What is scarcity marketing? Almost every interview I've had in the media started with that question. Before you get into what scarcity in marketing is, you have to understand what scarcity means.
What is Scarcity?
Scarcity is unavailability — a restriction of some type. When it comes to scarcity marketing, there are several types.
One type is supply-related scarcity, caused by a distribution shortage or intentional restriction. We see this with product drops that encourage us to use emotional decision-making.
Demand-related scarcity is caused by popularity. Items sell out when they're popular.
Time-related scarcity is a restriction of time that can appear in many short-term forms. A flash sale, a coupon, or a limited-time offer like pumpkin spice lattes are great examples.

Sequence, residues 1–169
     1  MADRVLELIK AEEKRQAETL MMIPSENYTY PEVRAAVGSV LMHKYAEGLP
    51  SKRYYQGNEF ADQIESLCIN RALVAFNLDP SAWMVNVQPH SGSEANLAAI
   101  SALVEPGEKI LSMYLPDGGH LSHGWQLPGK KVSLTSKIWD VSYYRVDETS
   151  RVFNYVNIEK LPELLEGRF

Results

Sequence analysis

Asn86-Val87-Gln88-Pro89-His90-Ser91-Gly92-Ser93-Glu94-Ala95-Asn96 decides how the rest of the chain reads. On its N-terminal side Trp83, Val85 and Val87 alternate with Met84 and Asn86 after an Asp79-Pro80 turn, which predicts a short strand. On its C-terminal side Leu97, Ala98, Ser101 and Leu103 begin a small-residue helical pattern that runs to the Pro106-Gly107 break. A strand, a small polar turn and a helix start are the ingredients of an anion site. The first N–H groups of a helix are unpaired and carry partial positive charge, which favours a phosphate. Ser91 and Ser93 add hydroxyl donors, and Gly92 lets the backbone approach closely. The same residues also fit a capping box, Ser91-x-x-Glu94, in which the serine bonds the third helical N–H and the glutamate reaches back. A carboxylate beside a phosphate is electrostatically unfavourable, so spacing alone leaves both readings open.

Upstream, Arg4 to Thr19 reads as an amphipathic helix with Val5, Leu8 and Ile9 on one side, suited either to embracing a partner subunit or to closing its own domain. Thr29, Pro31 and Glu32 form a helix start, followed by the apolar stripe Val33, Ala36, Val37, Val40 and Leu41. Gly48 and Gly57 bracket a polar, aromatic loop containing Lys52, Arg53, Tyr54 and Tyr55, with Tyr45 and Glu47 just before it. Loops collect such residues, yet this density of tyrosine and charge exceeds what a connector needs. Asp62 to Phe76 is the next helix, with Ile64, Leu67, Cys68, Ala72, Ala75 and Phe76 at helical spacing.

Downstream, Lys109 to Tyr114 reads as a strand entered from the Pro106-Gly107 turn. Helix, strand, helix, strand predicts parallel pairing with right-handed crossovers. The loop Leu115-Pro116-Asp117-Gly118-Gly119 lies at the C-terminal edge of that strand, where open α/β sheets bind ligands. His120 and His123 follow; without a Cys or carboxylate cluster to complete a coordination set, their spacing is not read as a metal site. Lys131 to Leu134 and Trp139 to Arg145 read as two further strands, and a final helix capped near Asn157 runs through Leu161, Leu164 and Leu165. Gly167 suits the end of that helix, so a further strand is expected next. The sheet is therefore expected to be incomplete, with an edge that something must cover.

Limited editions and service bundles are supply-related scarcities. These are twists on the original product.
We need to bring the concept of unavailability to our marketing messages. Scarcity could be a product you offer in a bundle or one coming soon with a waitlist. The message is what matters in scarcity advertising.
What I love about the concept of scarcity in business is that it doesn't cost anything. It's free to add that a product was restocked to an email subject line, yet you present a scarcity mindset. It doesn't cost you anything when you talk to a prospect and tell them that you're only working with a limited number of clients. It's the words that you use.
What Are Examples of Scarcity?
What are some examples of scarcity in marketing? When the McRib was first introduced, it was offered every day and wasn't a popular item. When McDonald's decided to make it a seasonal offering, it became something people scrambled to get, partially due to commodity theory.
Another great example is a waitlist, which Tesla takes advantage of. A waitlist shows consumers that a product is popular.